“A poet of fantastic inversions.” Poetry London

“Multifaceted, mega-fabricated, louche architecture.” Magma

“Voraciously experimental, precociously accomplished.” Poetry International

Double Bill


Catch-up seasons continues!

One and a half poems of mine are published in Double Bill, a new anthology from Red Squirrel Press. It’s the sequel to 2012’s Split Screen, both books being edited by Andy Jackson and concerning themselves with popular culture, predominantly TV, film and music. Whereas I was familiar with much of the subject matter of Split Screen, however (a lot of the shows it covered were repeated on BBC2 in the mid-nineties), Double Bill reaches back toward an era I don’t remember, and consequently, many of the poems are delightfully strange, particularly when they presume knowledge or a frame of reference I don’t share. I prefer this experience to the one of reading a poem that nudges you conspiratorially – “You remember this, eh? You and me? When that happened?” I like to see poems acting as vessels for preserving pop culture artifacts – or rather, something of the experience of living alongside them. It is a good use for poems!

My contribution to the book consists firstly of ‘Biography’, a page-length account of the life of football manager Brian Clough composed solely of website extracts I got from googling ‘Cloughie’. Clough was before my time, so I had a word with my granddad, an ardent Derby supporter, to try to get a sense of the man from someone who’d been there during his brief reign. His verdict was … succinct. So the lines are succinct. As a character and a mythic figure, Clough seems to characterised by bluntness.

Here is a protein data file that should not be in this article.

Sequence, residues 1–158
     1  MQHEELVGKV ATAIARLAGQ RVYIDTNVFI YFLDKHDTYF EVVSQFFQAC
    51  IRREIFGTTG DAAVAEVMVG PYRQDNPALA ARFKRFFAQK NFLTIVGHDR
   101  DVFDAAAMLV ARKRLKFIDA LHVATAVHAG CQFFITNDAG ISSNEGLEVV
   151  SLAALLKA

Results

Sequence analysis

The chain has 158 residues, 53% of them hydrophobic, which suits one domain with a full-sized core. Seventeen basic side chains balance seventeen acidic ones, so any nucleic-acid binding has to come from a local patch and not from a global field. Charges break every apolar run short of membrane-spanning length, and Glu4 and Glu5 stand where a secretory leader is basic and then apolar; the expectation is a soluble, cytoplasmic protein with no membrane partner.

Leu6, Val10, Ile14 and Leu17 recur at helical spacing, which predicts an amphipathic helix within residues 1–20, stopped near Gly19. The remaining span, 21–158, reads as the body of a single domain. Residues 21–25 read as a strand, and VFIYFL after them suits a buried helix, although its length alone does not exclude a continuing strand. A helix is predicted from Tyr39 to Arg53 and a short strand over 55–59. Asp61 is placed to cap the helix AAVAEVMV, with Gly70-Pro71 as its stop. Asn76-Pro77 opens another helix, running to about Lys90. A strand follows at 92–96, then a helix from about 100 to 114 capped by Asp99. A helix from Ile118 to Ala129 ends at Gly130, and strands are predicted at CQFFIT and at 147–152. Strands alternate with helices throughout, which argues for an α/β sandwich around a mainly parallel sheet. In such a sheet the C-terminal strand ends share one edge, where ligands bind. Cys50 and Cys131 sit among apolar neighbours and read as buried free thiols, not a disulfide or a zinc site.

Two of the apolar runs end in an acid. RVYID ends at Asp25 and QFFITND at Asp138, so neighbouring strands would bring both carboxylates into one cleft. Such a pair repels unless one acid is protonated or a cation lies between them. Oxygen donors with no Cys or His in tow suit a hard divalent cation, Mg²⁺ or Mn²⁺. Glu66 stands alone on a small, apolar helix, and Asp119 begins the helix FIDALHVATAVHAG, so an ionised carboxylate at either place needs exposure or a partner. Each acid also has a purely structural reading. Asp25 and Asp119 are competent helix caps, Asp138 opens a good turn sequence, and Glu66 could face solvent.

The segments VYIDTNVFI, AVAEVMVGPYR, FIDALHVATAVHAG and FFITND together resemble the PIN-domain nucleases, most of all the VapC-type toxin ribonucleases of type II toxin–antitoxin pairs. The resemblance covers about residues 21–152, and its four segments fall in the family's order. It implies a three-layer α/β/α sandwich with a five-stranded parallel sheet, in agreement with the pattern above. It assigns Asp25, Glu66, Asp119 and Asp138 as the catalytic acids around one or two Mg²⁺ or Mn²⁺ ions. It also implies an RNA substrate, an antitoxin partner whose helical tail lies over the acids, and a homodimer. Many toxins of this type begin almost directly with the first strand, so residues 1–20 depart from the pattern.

The second poem to bear my name is ‘Renga! A Dialogue Between Worlds?’, a renga exchange between myself and Kirsten Irving. The subject we were given was ‘manga’. I asked Andy Jackson whether he meant manga the medium, as in Japanese comics, or Manga Entertainment, the UK licensor and distributor of a multitude of Japanese animes. He said, “Take your pick!”, and we plumped for the latter, since it seemed to make more sense when weighed against Pixar, the subject we were paired with.

Every short stanza of ‘Renga! A Dialogue Between Worlds?’ takes place in a different anime property, with characters hotheadedly shouting across to one another. You could buy the book and try to work out which stanza corresponds to which anime, or you could cheat and check out the tags I’ve used in this very post. 

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